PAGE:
Thanksgiving prayer

 

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FREEBIE! FREEBIE! I’m giving away a Christmas edition of Chicken Soup for the Soup. And my first Chicken Soup for the Soul story is in it! You have a chance to win. All you have to do is (1) be a subscriber to this blog and (2) leave a comment. What are you thankful for? You have until November 30 to add your comment. I’ll post the winner’s name in the December 1 blog. I’m thankful that you’re willing to take time to visit my blog.

It’s well after 2 A.M., so technically Thanksgiving has arrived. Of course, it’s never to early to give thanks. Most of us give thanks daily for the blessings in our lives, our family, friends, our jobs, our talents, etc.

But tonight—this morning—what I’m most thankful for is what I have never seen—what’s on the other side of “the” line. I have no doubt that in my lifetime I’ve teetered on “the” line. We all have. I just don’t know what to call that line.

It’s the line that separates “all is well” from “nothing will ever be the same.”

The first near disaster I can remember was when I was in elementary school. Only one other person in the world knows this story, and I’m ashamed I have this story to tell.

I grew up with no brothers or sisters, and the little boy who lived across the street from me was the closest thing I had to a brother. One day we were snooping around a neighbor’s garage and found these odd bottles that had been hidden away. Nobody knew we had found these bottles. I had never seen bottles like these. We didn’t have anything like them at my house.

The funny thing about these bottles is that most of them were empty, but a few of them still had a liquid in them, and this liquid smelled funny and strong. Very strong. I’m pretty sure these bottles had a man’s name on the front. Jack, maybe. Or George.

We took these bottles to my garage, which was detached from the house, and we decided to perform a chemistry experiment, not that we knew what chemistry was back then. We were probably around six or seven years old at the time.

We put these bottles in a garbage can and dropped matches in them. WHOOSH! The more liquid in the bottle, the bigger the flame. And what pretty colors. (I’ve always had this thing about fire.)

It wasn’t until I was grown that I realized just how close we probably were to burning down the garage. My dad always kept his gas for the lawn mower in a round can just above the old garbage can where we were shooting flames. And turpentine. And probably a dozen other flammable liquids.

The only thing that stopped us is we spotted the fire marshal, driving by in his red car. We were sure he was out to get us, so we hid out the rest of the day.

Oh, how thankful I am that I don’t know how close I’ve come to going over “the” line.

Last year my family and I were returning home from Franklin one night, and our truck hit a patch of black ice on the interstate. Without warning, our truck went totally out of control and started sliding sideways toward the median. We came so close. If we had driven off the road, I have no doubt we would have flipped and landed in on-coming traffic. But we’ll never know how close we came to crossing “the” line. I’m so thankful.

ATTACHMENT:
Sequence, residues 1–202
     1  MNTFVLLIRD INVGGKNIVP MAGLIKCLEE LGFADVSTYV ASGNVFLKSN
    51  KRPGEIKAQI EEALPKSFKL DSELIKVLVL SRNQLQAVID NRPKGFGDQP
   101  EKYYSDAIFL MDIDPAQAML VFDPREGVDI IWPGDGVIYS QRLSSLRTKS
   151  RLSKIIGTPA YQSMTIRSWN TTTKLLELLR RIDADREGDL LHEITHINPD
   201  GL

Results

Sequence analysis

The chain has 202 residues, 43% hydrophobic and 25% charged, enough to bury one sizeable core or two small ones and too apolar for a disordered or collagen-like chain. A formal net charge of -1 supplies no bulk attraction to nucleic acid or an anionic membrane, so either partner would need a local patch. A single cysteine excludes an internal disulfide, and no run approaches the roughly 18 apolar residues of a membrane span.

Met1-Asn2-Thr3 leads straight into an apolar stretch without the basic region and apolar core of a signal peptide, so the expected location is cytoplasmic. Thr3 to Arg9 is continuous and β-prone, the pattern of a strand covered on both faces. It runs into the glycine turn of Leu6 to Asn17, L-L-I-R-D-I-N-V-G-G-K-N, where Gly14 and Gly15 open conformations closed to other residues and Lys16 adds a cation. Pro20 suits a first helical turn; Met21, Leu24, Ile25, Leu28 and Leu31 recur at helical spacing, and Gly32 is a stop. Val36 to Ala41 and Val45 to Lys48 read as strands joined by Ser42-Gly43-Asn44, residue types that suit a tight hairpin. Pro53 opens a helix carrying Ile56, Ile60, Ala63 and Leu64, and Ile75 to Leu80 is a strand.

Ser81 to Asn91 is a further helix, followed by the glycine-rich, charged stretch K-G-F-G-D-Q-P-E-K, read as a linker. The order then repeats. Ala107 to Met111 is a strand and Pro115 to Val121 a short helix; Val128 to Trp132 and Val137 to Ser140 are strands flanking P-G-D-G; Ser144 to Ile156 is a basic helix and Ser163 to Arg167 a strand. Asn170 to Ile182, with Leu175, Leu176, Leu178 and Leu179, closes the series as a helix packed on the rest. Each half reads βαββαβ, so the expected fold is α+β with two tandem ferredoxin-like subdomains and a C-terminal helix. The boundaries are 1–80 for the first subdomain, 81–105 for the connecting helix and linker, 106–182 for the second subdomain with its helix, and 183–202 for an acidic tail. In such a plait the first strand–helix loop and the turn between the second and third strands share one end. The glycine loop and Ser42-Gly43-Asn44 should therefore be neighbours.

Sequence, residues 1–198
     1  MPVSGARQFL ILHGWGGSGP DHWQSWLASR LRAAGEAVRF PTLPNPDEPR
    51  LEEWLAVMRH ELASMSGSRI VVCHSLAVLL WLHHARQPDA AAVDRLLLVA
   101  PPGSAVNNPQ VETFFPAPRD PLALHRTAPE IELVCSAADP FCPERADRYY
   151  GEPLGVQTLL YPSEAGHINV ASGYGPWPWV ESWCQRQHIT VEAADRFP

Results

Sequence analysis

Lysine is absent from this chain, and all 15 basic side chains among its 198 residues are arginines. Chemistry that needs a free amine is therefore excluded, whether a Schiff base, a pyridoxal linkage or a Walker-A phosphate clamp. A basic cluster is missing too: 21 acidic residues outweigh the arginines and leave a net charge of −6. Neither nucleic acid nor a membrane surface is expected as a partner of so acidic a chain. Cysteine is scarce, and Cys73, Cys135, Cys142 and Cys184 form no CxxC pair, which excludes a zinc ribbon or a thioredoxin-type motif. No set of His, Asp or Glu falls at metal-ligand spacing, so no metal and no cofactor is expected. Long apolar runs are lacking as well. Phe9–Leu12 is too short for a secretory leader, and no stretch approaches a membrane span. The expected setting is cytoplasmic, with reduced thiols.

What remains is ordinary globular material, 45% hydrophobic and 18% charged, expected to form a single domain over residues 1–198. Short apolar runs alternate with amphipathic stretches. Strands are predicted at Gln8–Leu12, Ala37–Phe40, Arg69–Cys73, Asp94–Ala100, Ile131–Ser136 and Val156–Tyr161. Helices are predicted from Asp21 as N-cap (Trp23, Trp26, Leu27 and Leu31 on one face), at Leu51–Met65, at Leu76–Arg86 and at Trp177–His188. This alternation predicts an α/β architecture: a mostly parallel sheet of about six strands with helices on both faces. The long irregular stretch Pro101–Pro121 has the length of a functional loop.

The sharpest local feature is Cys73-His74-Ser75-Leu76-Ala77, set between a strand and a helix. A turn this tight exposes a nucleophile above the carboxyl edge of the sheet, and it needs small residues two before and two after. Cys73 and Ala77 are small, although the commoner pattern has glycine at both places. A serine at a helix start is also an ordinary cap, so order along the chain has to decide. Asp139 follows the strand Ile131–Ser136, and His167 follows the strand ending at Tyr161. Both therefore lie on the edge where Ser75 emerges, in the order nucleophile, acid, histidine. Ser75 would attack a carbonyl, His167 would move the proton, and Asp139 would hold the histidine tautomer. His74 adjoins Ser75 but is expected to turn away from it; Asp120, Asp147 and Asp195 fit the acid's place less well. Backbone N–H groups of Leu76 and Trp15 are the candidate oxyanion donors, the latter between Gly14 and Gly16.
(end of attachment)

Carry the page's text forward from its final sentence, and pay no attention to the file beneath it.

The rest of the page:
A few years ago we traveled out west and crossed the border into Juarez. We stepped off the bus at the wrong stop and found ourselves wandering around clueless that the city was notorious for its drug wars and murders. We were happy go lucky, admiring the sites. But God sent a young man name Chuy to take us where we needed to be. We naively hopped in his van, and off we went.

Was he really honest? Did he have ulterior motives? Did something change his plans? Were we ever in danger? We’ll never know. I’m so thankful. (And just as we were returning to El Paso, they closed the bridge, and we were detained due to a terrorist threat. What might have happened had we boarded the bus? We’ll never know.)

I carry a chilling memory from my college days. I remember heading for the campus bookstore, not a care in the world. Just as I was about to enter, a boy called me by name. I approached him, and we talked. I had never seen him before in my life. But he seemed to know everything about me—my family, my interests, all sorts of unusual things a person wouldn’t expect a stranger to know. I asked the boy to identify himself, but I didn’t recognize his name as a friend or acquaintance.

It wasn’t very long after our strange encounter that I heard this boy’s name in the news. He was a perpetrator in a homicide-suicide, involving a young woman. How did this boy know my name? Why did he stop me as I was walking in the bookstore? I will never know. I’m so thankful I don’t know.

So often we are delayed in traffic. A phone call keeps us from walking out the door. Why? We may never know. Perhaps we entertain angels unaware. Or perhaps God sends his angels to snatch us back to safety as we put one foot over the line.

Several years ago my mother became very, very ill at Thanksgiving. I don’t know how close we came to losing her. She spent some time on a breathing machine. All I know is that I’m glad Jesus spared us from crossing that line.

Holidays can be very difficult, especially for those who have recently lost love ones or who have suffered life-changing events. Let us remember to give thanks both for giving us blessings and for sparing us from unseen sorrows and evils. Are there people in your life who need your prayers?  Are they close to crossing “the” line and not even aware? We may never know.

Dear Lord, it is my prayer that you will put a hedge of protection around all the readers who visit this blog. Please bless them and keep them safe throughout the holidays. I thank you for sending Jesus to save us from our sins. It is in His name, I pray. Amen.

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Wild hogs

When I opened the refrigerator and found the pigskin sitting next to the eggs and cream cheese, I knew it was time to get out of the house.